Other elements you might want to consider include the TV’s access to power, storage for media components, whether the TV will be able to clear certain obstructions on tilt, swing, or articulating mounts, how much sunlight the TV will be exposed to, and even how easy it will be to conceal cables.
If you’re still stumped we also have plenty of inspiration for where to place your TV.
3. Find the Studs
When mounting a flat screen TV to the wall, you’re always going to want to affix the mount to studs for stability. Once you’ve figured out the perfect location, it’s time to find the studs. The best and most reliable method is to use a stud finder tool to do so.
Best practices dictate using two studs to mount a flat screen TV to the wall, however some mounts might even need three. And though some mounts claim to require only a single stud to mount, it’s better to be safe than sorry. Confer with the mount to determine how many studs need to be found.
With all that said, once you’ve located two studs to support the TV mount, mark the location of each stud’s center with a pencil.
Take note that metal studs are not conducive to mounting flat-screen TVs because they are much weaker than wood studs, with the ability to hold about one-third the weight of their wood counterparts.
4. Mark and Confirm Your Pilot Holes
Follow this up by measuring the distance between the top and bottom holes on the TV mount and lining up the two points on your selected wall studs. These will be your pilot holes. Use a level and tape measure to ensure that they are not only evenly spaced on both studs, but that they are also level.
Then, using the mounting bracket as a frame, place the bracket flat against the wall and align the screw locations with the marks. Test the positioning of the bracket with a level once you’re aligned.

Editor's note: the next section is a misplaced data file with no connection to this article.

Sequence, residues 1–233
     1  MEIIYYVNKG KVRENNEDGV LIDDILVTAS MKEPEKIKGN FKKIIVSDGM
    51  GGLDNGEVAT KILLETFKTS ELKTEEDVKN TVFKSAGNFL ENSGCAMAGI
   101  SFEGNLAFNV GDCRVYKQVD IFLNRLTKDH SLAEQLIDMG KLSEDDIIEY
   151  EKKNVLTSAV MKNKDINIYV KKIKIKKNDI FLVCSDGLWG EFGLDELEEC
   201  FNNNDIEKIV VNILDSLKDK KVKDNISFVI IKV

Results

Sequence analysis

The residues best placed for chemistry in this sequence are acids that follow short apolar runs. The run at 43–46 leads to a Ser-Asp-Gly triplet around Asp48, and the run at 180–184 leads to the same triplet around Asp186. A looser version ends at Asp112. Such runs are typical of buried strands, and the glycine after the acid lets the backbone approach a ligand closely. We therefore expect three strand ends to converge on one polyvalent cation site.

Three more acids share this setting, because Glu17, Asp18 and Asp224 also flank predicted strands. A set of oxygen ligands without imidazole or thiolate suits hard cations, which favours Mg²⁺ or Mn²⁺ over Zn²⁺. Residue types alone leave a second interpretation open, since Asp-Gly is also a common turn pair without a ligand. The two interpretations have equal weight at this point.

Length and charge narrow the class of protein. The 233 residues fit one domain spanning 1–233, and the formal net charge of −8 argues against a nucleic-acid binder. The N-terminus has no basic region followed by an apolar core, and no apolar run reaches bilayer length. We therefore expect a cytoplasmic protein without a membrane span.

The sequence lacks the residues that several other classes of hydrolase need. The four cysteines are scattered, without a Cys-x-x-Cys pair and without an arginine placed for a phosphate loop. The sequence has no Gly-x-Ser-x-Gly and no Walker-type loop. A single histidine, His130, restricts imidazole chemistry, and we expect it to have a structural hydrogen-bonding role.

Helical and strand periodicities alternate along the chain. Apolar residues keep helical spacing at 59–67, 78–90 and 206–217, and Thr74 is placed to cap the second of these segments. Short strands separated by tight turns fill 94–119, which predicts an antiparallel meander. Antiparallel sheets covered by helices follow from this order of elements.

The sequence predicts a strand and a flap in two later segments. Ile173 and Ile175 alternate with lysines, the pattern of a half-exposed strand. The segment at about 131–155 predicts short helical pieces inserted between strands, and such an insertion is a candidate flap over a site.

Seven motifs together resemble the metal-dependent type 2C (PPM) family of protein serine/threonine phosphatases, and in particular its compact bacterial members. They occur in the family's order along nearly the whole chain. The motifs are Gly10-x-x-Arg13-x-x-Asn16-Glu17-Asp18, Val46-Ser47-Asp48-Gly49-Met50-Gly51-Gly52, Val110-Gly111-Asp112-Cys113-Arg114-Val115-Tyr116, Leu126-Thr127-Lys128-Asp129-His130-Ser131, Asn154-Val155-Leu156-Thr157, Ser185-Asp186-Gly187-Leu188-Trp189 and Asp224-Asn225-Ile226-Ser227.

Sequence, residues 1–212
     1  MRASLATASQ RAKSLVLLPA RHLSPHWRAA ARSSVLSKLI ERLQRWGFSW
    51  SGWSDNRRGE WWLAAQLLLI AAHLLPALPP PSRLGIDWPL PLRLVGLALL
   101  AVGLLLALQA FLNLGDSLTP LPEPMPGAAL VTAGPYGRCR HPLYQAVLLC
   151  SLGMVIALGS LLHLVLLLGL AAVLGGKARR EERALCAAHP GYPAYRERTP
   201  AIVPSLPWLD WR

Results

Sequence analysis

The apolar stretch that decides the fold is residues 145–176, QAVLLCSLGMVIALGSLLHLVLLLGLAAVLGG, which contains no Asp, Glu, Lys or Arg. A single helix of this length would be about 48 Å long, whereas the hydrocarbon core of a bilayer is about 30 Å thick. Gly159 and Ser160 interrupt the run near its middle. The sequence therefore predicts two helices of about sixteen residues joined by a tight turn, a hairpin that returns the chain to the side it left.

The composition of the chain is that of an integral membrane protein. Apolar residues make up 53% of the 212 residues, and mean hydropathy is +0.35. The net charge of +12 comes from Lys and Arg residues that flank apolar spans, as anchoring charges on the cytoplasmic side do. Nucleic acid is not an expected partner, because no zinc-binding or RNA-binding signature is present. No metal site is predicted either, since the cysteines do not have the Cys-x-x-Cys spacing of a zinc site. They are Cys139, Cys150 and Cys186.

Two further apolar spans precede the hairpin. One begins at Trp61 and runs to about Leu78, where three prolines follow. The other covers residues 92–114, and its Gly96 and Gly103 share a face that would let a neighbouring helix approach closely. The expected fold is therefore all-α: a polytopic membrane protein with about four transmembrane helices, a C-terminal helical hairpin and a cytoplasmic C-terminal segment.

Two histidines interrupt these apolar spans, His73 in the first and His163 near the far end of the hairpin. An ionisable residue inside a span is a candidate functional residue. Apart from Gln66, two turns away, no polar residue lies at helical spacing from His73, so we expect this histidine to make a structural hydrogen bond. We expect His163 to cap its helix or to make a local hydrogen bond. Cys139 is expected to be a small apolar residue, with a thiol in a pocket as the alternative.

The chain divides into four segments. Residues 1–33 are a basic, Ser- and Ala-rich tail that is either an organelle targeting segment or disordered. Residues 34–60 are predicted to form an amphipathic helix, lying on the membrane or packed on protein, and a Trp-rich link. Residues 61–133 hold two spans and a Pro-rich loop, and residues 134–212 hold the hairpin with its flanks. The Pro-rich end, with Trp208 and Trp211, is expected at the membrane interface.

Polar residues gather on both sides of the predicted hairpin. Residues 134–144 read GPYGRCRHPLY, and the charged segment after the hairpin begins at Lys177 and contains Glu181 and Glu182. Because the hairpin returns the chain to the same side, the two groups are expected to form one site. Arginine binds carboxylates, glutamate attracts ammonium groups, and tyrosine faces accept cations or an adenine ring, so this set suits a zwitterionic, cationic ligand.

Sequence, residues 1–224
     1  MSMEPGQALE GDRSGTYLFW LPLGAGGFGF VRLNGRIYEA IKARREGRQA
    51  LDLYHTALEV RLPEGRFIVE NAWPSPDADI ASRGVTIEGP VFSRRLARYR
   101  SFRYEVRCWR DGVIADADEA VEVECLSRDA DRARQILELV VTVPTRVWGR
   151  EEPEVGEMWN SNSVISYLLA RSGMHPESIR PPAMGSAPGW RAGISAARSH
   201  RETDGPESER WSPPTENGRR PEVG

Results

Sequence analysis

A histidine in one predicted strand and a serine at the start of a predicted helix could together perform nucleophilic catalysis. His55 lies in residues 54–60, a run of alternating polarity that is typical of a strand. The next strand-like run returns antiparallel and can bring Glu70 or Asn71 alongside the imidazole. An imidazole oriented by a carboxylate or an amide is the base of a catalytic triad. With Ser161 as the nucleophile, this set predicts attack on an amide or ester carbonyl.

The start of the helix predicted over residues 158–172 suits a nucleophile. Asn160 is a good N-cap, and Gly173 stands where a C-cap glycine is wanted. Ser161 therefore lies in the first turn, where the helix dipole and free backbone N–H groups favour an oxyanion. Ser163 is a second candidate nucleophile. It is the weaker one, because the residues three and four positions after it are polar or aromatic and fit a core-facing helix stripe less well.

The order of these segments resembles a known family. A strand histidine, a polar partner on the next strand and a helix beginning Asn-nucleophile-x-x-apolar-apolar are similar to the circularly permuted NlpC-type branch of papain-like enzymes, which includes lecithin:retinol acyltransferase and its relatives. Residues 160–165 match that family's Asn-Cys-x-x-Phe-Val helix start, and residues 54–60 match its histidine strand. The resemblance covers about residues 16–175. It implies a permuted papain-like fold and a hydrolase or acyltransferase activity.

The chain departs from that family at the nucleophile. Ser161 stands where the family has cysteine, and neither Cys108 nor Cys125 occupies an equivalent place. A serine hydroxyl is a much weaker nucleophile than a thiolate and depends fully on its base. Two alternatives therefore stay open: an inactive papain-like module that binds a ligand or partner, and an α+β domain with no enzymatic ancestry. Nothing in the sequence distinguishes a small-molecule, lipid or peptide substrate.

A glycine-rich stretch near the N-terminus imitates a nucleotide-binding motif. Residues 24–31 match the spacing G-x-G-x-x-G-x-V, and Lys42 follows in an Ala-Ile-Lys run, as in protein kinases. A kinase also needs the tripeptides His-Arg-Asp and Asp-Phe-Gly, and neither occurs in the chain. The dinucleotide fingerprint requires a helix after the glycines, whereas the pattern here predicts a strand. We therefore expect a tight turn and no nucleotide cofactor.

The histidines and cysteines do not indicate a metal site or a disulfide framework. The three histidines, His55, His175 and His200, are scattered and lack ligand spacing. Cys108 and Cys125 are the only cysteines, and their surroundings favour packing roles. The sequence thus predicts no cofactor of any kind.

This will provide the template you will need to start affixing the mounting bracket to the wall.
Once you’re absolutely sure all the measurements are clean, pre-drill your holes in the marked positions.
5. Mount the Bracket to the Wall
Place the mounting bracket to the wall, aligning it with the newly drilled pilot holes, and drive the provided mounting screws into the holes. You want to make sure that the screws are tight enough so the bracket doesn’t shake while on the wall, but not so tight that it starts to warp or sink into the drywall.
After you’ve finished, check the bracket one last time to ensure it is level.
6. Attach the Mounting Plate to the TV
Each TV mount will come with different instructions on how to attach it to your chosen TV. For instance, affixing a mounting plate for a fixed TV mount will be far less complex compared to a fully articulated TV wall mount.
Check the manufacturer instructions on how to attach the mounting plate to your flat screen TV.
7. Attach the TV Mounting Plate onto the Wall Mount
Get some help for this stage. Flat screen TVs may be far lighter than their earlier ancestors, but that doesn’t mean they’re not still heavy, especially when you’re trying to mount them on a wall.
They’re also fragile, so any mishap may result in buying a new TV. Consult the manufacturer’s guide for this step as well, as how each mounting plate affixes to the wall mount varies from product to product.
Once finished, double-check to make sure that the connection between the wall mount and the flat screen TV is secure.
After that, plug everything and the TV is good to view.
Have you already picked out the sound system you plan to use with your newly hung TV? If not, be sure to check our list of some of the top soundbars on the market. Also, be sure to check out CE Pro’s list of outdoor video products if you’re planning on mounting a TV outdoors. We also have a list of some of the top microLED TVs on the market currently for the discerning cinephile.
If you enjoyed this article and want to receive more valuable industry content like this, click here to sign up for our digital newsletters!